Last August the International Congress of Egyptologists took place in Leiden. This is the biggest and most important conference for Egyptologists in the world, held every four years in either Europe or Egypt. The theme of this edition was The future of ancient Egypt, and I was happy to find there was room for workshops on AI and big data (more about that in a future post) as well as the presentation of various digital projects.
Theban Mapping Project
One of the projects presented was an add-on to the Theban Mapping project. After a relaunch in 2021, the website now has a mobile version and includes not just the Valley of the Kings, but the Valley of the Queens and western wadis (125 tombs added, 89 with plan). The most famous of these is of course the splendid tomb of queen Nefertari that has been extensively restored by the Getty Institute (photos of which will be added). The website furthermore contains a historical timeline, glossary and articles, making it useful for both Egyptologists and the wider public. The only thing still missing from the sweet old discontinued Theban Mapping Project website is the Theban Tomb bibliography. Fortunately it can still be accessed in archived form. I will also incorporate this data in the private tomb database I am creating for my PhD project, that will be published online once I am done (famous last words).
Thesaurus Linguae Aegyptiae
Another new project presented during the conference was the shiny new TLA or online Wörterbuch (thank you, Germans!). It is a great improvement in a number of respects, such as that it provides persistent URLs for each lemma, gives a time frame for the attestations in the corpus, and searches can be done in Manuel de Codage (e.g. ‘Abw’) or Unicode format (𓍋𓃀𓅱𓃰). For some reason, however, I didn’t manage to get the Unicode input to work yet. Also, while compiling a list of lexemes with their number of attestations in the TLA (to get an idea about the relative popularity of these words in ancient Egyptian texts), I noticed the numbers change. This, I was explained, is because sometimes lemmas are taken offline to be edited, or doubles are removed. So it’s a work in a progress, but a wonderful work in progress! I really like the design and an API is currently under development. This will be a great asset to digital Egyptologists working with large corpora of data, and (if open source) can be an inspiration for other projects.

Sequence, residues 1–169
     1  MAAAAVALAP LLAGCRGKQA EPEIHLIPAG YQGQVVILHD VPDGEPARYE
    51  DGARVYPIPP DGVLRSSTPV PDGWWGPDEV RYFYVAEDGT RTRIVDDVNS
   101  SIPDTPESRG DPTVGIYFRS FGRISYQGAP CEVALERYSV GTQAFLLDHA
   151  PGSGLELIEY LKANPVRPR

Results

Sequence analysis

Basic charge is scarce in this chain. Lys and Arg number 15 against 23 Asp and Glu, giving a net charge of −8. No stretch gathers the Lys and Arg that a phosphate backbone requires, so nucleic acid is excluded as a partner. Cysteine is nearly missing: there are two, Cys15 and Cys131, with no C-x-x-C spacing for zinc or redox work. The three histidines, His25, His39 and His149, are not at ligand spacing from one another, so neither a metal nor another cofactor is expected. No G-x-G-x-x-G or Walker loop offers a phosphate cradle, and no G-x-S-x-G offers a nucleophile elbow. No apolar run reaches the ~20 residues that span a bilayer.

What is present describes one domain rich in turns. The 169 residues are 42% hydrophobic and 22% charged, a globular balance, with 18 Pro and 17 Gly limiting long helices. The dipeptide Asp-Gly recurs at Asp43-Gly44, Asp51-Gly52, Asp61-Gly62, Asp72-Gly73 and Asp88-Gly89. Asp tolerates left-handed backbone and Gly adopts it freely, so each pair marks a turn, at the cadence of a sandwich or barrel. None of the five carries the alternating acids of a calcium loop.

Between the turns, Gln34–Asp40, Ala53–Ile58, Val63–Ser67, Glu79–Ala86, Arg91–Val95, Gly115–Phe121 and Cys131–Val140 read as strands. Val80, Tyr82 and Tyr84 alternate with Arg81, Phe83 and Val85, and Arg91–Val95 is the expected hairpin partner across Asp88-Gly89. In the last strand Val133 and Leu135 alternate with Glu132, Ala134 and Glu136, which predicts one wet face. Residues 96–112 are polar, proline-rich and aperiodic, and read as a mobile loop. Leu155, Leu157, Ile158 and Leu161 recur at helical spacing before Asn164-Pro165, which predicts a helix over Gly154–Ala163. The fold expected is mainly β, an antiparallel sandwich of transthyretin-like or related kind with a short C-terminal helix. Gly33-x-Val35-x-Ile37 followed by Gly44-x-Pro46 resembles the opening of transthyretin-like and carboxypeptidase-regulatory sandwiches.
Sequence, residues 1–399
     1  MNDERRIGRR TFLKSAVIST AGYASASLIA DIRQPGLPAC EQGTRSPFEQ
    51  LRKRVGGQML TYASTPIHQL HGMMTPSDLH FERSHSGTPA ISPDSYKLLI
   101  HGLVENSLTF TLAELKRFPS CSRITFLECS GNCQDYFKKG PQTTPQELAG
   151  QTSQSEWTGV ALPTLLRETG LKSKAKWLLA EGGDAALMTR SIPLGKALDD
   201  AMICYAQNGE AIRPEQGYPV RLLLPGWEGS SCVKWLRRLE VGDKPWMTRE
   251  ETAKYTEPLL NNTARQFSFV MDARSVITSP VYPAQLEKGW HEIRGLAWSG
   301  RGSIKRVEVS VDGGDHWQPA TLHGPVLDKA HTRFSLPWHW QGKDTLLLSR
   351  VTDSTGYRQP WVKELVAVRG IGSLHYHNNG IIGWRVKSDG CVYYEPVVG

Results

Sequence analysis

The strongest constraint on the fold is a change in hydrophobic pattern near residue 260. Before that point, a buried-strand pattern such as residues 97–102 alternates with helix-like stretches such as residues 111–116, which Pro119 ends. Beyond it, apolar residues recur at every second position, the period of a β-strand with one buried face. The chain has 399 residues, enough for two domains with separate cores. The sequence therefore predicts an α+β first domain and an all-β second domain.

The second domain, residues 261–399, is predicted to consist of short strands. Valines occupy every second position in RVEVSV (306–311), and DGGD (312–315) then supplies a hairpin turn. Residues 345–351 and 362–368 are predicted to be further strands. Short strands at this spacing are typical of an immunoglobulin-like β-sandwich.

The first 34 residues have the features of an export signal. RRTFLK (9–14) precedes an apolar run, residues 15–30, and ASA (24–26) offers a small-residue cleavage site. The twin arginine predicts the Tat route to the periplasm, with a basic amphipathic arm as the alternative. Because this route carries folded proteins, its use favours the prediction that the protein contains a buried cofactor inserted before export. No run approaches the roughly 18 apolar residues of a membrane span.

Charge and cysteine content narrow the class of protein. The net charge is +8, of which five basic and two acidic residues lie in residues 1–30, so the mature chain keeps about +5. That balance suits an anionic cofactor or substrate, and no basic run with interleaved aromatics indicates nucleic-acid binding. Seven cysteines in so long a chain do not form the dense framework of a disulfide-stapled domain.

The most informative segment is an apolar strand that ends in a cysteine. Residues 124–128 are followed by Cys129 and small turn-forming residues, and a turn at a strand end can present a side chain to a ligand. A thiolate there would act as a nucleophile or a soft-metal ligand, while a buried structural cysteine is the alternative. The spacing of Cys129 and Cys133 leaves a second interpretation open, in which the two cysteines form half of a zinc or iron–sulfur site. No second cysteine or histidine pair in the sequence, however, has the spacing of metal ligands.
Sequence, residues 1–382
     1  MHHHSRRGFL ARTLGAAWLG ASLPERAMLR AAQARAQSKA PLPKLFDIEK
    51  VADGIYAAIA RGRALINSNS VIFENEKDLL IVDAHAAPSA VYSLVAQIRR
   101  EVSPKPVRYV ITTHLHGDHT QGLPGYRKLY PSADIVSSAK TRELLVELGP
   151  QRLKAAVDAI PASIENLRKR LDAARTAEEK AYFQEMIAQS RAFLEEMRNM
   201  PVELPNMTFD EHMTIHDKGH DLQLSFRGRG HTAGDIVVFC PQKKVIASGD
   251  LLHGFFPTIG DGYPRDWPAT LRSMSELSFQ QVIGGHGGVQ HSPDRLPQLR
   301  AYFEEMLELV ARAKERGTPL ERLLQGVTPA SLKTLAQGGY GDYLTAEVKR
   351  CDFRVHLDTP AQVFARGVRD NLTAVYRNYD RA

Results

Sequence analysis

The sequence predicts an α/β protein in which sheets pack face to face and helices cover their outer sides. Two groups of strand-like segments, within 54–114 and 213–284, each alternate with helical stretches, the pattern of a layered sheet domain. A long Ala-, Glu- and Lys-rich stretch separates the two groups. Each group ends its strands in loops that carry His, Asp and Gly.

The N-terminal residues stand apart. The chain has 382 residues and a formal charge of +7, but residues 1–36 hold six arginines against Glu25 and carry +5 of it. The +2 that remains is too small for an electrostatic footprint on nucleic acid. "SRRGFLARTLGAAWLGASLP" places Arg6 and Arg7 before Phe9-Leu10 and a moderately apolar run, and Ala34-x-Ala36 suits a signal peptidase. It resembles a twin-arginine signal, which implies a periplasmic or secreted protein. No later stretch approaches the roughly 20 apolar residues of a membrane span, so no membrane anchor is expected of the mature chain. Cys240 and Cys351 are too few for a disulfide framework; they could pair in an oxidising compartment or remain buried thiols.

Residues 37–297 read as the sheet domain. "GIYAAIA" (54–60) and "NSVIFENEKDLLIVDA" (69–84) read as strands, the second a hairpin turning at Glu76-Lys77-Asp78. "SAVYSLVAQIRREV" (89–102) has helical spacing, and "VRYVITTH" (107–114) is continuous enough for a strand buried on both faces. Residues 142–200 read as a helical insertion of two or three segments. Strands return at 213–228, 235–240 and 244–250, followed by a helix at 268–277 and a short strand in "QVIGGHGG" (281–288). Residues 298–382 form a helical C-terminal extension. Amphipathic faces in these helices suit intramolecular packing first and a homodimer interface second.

Unicode & WebGlyph
Talking about Unicode and other digital scripts, Mark-Jan Nederhof presented some interesting Unicode developments, such as new control characters to group and overlay hieroglyphs. His presentation can be found here.
In the same session, Jan Buurman presented the hieroglyphic text processor WebGlyph, developed together with Ed de Moel. The web version is based on the Manuel de Codage and includes a tool to add new hieroglyphs, as well as a group editor. The software can be accessed here (login as guest): http://126.96.36.199/Demo/WebGlyph2
But the major thing to come out of the conference was the adoption of the new Leiden Unified Transliteration. After years of using different transliteration systems in each country, a secret meeting was held during the conference in a smoke-filled backroom where at long last some sensible choices were made regarding i’s, h’s, k’s and q’s. The new transliteration was then unanimously accepted by the congress. Huzzah for progress! The transliteration font has been updated accordingly.